From left, Craig Rivet, Derek Roy and Drew Stafford of the Sabres pause for a moment of silence for the victims of Flight 3407 prior to playing the Sharks on Feb. 13, 2009. (Getty Images)
Craig Rivet, Derek Roy and Drew Stafford stand during the moment of silence prior to the game on 2/13/09. (The Buffalo News. Sorry to keep using the same photo everyone else has but it’s one of the few of the game that exists.)

“A wild and woolly one”

The San Jose Sharks were in the midst of a march to the President’s Trophy as the NHL’s top team at this point of the 2008-09 season. The Sabres were the far worse team in terms of record and were fighting for a playoff spot. Despite this, the Sabres jumped all over the Sharks early and held a 4-1 lead after goals by Adam Mair, Jaroslav Spacek, Derek Roy and Ales Kotalik. Things would get ugly in a hurry, however.

The Sharks stayed true to that President’s Trophy form and came roaring back with four answered courtesy of Patrick Marleau, Dan Boyle, Devon Setoguchi and Joe Pavelski to take a 5-4 lead. All of the positive energy that had filled the arena vanished as San Jose now seemed in complete control. With the final minute ticking off the clock and Ryan Miller on the bench, the Sabres flailed desperately around the Sharks’ end for the puck. With less than 10 seconds left, Pominville found the puck to the right of the net and slid it back to Rivet at the point. The captain unloaded a shot so hard that it broke Pomiville’s stick when he tipped it past San Jose’s Evgeni Nabakov to tie the game at five. The energy in the building returned in an instant, and it turned into jubilation when the Sabres prevailed in an equally thrilling shootout after Roy beat Nabokov high and Miller stopped Milan Michalek.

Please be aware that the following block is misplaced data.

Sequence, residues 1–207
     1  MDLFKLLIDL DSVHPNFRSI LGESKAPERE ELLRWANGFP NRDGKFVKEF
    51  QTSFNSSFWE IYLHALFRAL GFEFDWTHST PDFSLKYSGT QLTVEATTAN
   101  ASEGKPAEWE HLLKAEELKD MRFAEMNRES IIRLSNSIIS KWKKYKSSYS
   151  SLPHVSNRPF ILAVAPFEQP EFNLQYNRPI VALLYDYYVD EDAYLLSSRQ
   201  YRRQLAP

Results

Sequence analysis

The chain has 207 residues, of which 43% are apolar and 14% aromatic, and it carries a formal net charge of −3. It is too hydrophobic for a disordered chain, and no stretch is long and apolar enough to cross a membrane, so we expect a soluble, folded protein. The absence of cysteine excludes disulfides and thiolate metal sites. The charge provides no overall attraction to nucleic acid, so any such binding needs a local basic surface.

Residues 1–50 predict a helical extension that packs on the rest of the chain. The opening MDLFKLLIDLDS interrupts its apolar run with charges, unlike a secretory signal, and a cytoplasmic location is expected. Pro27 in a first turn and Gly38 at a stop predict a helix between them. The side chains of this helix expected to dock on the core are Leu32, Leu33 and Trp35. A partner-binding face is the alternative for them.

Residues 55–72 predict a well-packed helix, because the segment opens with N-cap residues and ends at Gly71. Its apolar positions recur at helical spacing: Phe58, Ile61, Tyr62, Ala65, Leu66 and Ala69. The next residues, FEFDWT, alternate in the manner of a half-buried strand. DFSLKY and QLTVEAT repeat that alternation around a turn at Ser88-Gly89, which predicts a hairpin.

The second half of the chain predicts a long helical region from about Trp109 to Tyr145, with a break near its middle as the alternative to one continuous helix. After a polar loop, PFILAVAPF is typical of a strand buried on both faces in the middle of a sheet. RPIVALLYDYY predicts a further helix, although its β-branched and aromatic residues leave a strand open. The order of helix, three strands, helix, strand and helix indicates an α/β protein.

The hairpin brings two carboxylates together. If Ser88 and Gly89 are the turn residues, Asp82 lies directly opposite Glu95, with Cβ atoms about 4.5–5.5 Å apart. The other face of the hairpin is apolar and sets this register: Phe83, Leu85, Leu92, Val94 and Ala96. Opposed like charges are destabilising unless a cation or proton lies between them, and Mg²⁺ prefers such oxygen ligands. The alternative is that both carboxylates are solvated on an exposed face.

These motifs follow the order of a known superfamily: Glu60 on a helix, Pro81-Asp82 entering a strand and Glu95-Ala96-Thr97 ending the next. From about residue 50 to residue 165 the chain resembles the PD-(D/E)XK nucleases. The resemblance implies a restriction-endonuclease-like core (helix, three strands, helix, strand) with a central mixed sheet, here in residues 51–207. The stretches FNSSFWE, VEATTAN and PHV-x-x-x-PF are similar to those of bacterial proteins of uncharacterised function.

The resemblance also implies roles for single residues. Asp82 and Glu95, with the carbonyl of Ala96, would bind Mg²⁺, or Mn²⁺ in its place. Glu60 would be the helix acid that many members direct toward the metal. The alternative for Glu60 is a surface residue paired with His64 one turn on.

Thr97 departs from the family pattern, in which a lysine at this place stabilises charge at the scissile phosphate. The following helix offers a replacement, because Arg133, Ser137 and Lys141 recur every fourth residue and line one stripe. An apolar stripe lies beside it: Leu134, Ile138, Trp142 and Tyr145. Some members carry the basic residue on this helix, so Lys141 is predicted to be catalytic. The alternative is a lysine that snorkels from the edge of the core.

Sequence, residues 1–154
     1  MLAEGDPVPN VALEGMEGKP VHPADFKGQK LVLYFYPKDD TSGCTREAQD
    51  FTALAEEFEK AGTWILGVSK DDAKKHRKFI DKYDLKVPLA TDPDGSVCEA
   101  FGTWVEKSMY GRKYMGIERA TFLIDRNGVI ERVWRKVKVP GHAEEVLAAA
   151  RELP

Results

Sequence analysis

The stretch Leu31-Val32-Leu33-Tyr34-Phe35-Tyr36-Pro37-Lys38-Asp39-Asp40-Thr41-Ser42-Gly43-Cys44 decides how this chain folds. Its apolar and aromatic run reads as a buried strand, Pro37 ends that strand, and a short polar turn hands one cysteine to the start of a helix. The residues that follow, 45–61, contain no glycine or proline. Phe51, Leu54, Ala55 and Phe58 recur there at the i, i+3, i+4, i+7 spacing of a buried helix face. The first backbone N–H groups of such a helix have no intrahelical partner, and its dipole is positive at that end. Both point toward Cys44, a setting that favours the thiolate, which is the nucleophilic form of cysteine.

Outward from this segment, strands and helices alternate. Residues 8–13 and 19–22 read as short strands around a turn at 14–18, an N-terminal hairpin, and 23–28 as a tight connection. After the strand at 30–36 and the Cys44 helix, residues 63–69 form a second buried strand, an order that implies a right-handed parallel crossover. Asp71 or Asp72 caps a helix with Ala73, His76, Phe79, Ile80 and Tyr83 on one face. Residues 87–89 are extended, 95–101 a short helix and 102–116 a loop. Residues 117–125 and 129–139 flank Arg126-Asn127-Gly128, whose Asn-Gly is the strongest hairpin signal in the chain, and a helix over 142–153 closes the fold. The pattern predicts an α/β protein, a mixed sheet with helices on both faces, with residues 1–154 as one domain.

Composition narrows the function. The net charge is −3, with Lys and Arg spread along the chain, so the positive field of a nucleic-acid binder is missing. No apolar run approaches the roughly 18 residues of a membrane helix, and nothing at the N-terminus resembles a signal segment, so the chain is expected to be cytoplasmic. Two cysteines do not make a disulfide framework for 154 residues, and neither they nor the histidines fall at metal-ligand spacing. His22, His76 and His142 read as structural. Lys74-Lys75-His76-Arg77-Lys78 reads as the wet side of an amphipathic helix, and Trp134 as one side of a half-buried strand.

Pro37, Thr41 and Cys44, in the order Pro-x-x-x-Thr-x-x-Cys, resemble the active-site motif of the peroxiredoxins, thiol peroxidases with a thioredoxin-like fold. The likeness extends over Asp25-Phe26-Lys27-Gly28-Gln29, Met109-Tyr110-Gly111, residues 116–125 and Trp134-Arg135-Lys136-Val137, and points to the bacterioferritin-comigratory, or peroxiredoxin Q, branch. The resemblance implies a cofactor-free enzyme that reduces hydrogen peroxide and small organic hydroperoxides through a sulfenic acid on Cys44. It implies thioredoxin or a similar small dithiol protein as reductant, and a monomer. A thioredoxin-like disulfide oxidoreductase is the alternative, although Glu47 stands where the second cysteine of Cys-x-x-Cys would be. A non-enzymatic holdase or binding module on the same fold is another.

Click here for full highlights of the game and reactions from a few players.

though a sporting victory is paltry in comparison to such a great loss, the Sabres rallied around their city and provided some much-needed escapism to a grieving community. The game and the moment of silence that preceeded it was a galvanizing show of solidarity that demonstrated just how much the Sabres understand their role in Buffalo. Regardless of how great or atrocious the team on the ice may be, this team loves its city.

February 13, 2019

Last night’s game between the Sabres and the New York Islanders at now-KeyBank Center was played exactly ten years to the evening of the 3407 tragedy. Like it had a decade prior, the team held a moment of silence before the game. It was a very classy show of respect by the team but it unfortunately fell flat when the arena buzzer, which was malfunctioning all night, awkwardly went off in the middle of it. It was still a cool moment to be at the game for and I was happy to have been able to experience it in person.

The Sabres played well against the Isles in the game and pulled out a needed victory, 3-1 to pull within two points of Pittsburgh for the second Wild Card. The recently reunited J-Crew line is back to its old tricks, as Pominville and Jeff Skinner both scored and Eichel assisted on both. The trio just seems to bring out magic in each other each time it takes the ice. Linus Ullmark made 24 saves against a tough Islanders’ offense.

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Pominville scores the game-winner on former teammate Robin Lehner last night in the tenth anniversary of the 3407 game. (USA Today)

It was perfectly fitting that Pominville scored in the game. The only current Sabre that was on the ’08-’09 team, Pominville picked an appropriate time to boost the population on the tenth anniversary of one of the biggest goals he’s ever scored in a Sabres’ uniform. It was a nice way to bring the two dates full circle with each other.

A decade is a long time, but the Buffalo Sabres and their fans demonstrated that it wasn’t long enough to cause them to forget how big an effect the 3407 crash had. RIP to the 50 victims. You may be gone, but you will never be forgotten.